As Forbes noted of the new company, many Pfizer drugs have found success outside the company over the past decade—for example, Puma Biotechnology has run with breast cancer drug Nerlynx, originally a Pfizer compound, and boasts a $3.89-billion market capitalization; cardiovascular drugmaker Esperion was bought by Pfizer and spun out again, and it has a $1.27-billion market capitalization: and Durata Therapeutics, bought by Actavis in 2014 for $675 million, was also based upon Pfizer drugs. As Forbes quoted John LaMattina, a senior partner at PureTech Ventures and former head of research and development at Pfizer: “Pfizer perhaps has learned from the fact that it’s had a lot of compounds on its shelf that others capitalized on.”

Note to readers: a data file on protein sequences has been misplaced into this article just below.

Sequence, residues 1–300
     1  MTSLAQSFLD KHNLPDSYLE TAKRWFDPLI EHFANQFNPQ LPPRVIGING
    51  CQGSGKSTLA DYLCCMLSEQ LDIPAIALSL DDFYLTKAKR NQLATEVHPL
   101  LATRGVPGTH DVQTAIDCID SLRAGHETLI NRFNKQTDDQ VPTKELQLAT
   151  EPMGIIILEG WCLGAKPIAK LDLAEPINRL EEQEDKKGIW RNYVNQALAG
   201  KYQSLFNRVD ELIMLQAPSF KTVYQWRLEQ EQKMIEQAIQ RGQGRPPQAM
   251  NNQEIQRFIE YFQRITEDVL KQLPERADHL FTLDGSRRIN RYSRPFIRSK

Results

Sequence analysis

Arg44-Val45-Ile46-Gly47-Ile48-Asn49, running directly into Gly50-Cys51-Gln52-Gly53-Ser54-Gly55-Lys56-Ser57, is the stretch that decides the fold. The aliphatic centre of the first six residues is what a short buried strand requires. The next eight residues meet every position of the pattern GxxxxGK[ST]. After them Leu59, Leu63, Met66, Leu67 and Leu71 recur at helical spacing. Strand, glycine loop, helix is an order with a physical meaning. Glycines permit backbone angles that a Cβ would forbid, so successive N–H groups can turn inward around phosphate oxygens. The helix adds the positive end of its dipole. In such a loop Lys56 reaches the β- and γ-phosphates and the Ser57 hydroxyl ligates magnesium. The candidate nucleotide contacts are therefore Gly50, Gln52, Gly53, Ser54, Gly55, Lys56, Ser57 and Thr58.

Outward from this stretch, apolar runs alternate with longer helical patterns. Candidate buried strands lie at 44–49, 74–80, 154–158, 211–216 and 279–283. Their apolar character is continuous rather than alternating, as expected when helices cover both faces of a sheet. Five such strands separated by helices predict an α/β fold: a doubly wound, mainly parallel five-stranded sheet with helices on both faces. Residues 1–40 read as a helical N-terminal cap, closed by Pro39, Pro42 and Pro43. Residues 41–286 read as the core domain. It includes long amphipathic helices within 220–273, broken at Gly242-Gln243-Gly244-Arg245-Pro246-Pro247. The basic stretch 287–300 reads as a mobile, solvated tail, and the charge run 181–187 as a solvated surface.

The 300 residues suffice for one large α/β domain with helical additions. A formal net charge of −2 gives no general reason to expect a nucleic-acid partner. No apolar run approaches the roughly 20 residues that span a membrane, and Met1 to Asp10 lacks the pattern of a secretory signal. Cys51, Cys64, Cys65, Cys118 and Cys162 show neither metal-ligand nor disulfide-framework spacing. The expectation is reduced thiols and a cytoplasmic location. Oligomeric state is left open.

Xconomy.com noted, for its part, that SpringWorks plans not only to work on the four Pfizer drugs but also potential therapeutics abandoned or neglected by other pharma companies. The criteria, said Xconomy, is that “SpringWorks favors drugs ready for Phase 2 that it can develop for diseases with either no approved therapies, or ‘minimal to no competition from others,’” as Sullivan puts it.
Of the four compounds, three are for rare diseases and one is for post-traumatic stress disorder, as follows, according to the SpringWorks announcement: